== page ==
05/17/2008 00:00:00

Name: Rocky Dimare
Email: kings1978 AT yahoo.com

Ref assignment luck. I was at Clear AFS Ak finishing my 3rd remote in 6 and a half yrs. Snagged an assignmnet to Coco Beach FL (Forget what the name of the site was. Patrick AFB...?) In the mean time, Mr Smarty Pants here gets himself a line number for TSgt in a mere 8 yrs. No E-6 slots at that site. So, they cnx that one and send me to Griffiss AFB and the new SOCC that had replaced the SAGE operation at Hancock Field which is where I had been just before being sent to Clear AK! Fortunately I am one of those "Make the Most of it types". Worked out well. I ALWAYS LOVED that NORAD hard-site "We have a REAL job" type of duty. The type of duty and the people were always a greater concern of mine than geographical location. (But.... COCO BEACH, man!)


05/17/2008 00:00:00

Name: John Tianen
Email: jtianen AT earthlink.net

I believe my remote duty tour was helpful in getting my promotion to E-4. At Saratoga AFS, there was an over-abundance of A2C in radar maintenance, all having arrived at about the same time from tech school. Radar maintenance was, I believe, the largest group on the site. Those guys were very specialized, having worked on a specific piece of equipment and nothing else. Many were nothing more than clerks, manning telephones to coordinate maintenance with Hancock Field. Imagine spending a year in tech school only to be a phone jockey. We even had a 30352 who ran ran the bowling alley. My experience at the remote site in Iceland was much more varied. We had a small group and everybody did everything. We were all generalists so we gained experience on all the equipment. I also obtained my 5 level while in Iceland. I like to think that my extra experience was the difference that got me the extra stripe. I can recall a lot of resentment that promotion cycle. There were only about a half-dozen A1C stripes given out and I was one of the few in radar maintenance that got one. All those guys who had spent time there out of tech school thought they deserved the stripe. Sadly, many of those guys spent their entire enlistment as A2Cs. I'm convinced it had nothing to do with their competence, there just were too few stripes available for the people eligible for them. I also think it discouraged re-enlistment. Many said "why should I have to re-enlist just to get to be airman-first". I would also like to point out that I was probably lucky when I got my promotion. Back then, you were required to state your re-enlistment status about 8 or 9 months before your enlistment was up. I received my promotion with about 10 months to go. If an A2C stated he was going to get out, he could kiss any hope of a promotion good-bye. On the other hand, those who decided to re-up while still an A2C, got their stripe. That to me, seemed very unfair.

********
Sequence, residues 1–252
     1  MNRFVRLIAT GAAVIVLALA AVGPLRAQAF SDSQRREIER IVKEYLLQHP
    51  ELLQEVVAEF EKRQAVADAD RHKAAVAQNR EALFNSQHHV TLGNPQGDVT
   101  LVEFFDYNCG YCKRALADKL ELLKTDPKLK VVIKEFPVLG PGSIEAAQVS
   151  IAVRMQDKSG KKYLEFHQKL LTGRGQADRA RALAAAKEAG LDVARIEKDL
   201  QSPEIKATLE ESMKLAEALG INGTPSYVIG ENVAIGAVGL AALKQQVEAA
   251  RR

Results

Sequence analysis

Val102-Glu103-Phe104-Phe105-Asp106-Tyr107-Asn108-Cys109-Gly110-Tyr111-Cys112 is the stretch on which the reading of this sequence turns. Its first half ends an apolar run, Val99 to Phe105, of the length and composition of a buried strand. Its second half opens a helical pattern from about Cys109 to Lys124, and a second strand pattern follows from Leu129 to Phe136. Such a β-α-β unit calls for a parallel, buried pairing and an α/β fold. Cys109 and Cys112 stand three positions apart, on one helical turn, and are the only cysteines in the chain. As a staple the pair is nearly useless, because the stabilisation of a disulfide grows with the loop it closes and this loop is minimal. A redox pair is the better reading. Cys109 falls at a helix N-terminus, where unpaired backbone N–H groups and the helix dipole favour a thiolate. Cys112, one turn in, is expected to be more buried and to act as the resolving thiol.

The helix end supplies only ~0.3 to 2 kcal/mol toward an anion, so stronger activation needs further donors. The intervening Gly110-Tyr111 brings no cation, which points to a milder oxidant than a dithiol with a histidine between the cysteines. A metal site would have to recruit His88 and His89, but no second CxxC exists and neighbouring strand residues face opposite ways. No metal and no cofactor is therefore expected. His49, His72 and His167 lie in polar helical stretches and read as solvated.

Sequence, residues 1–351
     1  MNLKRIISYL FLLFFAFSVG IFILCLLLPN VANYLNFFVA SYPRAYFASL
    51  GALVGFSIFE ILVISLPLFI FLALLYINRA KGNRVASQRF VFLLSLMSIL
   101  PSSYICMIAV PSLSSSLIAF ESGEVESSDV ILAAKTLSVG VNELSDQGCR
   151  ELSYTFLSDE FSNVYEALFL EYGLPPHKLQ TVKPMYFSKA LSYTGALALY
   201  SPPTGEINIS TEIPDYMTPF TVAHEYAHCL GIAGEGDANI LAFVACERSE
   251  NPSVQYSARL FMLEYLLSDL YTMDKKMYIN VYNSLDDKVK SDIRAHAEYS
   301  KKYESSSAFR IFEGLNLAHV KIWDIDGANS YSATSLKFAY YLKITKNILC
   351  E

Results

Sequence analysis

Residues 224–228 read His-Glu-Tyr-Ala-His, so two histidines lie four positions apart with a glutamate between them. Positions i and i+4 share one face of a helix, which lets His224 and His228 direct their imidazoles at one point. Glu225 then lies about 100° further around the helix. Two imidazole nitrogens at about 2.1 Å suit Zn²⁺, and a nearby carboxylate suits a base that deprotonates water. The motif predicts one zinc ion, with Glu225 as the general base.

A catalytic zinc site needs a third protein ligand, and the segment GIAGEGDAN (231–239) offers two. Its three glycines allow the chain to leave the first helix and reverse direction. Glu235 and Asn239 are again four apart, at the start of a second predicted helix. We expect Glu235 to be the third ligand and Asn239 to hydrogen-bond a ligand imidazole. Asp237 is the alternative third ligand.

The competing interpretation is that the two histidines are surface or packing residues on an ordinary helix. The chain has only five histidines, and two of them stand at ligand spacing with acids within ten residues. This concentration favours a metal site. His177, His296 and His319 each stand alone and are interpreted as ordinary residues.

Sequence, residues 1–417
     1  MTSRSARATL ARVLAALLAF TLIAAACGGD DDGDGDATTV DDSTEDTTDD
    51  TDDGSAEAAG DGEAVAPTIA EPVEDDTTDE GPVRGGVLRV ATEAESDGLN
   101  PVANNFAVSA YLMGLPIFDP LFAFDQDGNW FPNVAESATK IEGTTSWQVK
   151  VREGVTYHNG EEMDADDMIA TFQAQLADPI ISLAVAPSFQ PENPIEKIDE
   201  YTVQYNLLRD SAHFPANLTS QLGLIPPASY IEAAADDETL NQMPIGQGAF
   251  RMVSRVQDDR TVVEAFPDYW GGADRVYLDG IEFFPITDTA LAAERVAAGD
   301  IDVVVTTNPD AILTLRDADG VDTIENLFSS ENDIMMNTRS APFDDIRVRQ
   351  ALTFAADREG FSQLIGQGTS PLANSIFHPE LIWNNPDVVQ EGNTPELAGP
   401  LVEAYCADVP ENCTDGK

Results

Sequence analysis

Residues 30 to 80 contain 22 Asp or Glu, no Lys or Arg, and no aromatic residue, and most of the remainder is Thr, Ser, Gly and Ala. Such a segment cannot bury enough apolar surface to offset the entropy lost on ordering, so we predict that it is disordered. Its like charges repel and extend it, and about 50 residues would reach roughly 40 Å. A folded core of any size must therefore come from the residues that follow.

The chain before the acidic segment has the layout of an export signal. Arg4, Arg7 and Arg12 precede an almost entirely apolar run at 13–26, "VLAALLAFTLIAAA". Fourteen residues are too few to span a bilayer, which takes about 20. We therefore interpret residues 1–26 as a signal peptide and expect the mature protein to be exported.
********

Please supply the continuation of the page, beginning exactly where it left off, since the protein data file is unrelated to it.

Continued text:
05/17/2008 00:00:00

Name: Chuck Sunder
Email: chucksunder AT hotmail.com

Seems like all the A/3C grunts at Sparrevohn, AK back in 55 went up to A/2C before rotation. Probably one reason was that we were not overly staffed like John describes below....less competition. I remember working 7 days a week for the first 3 months I was there. There was nothing else to do anyhow so what the hell...That included 2 weeks straight KP as soon as I arrived.The good thing about the 2 weeks KP was the fact that you didn't have to do it anymore while there. However, murphy's law prevailed....After 12 months at Sparrevohn, I went to Elmendorf awaiting a flight back to the lower 48....guess what? I found myself on the KP roster...paid someone $20 to pull it for me.


05/16/2008 00:00:00

Name: Gene McManus
Email: gmcmanus AT radomes.org

Aaron, and others who are interested - there's an F-117 and B-2 on display at the National Museum of the Air Force, at Wright-Patterson. The -117 has been there for several years; the B-2 for perhaps a couple of years.


05/16/2008 00:00:00

Name: John Tianen
Email: jtianen AT earthlink.net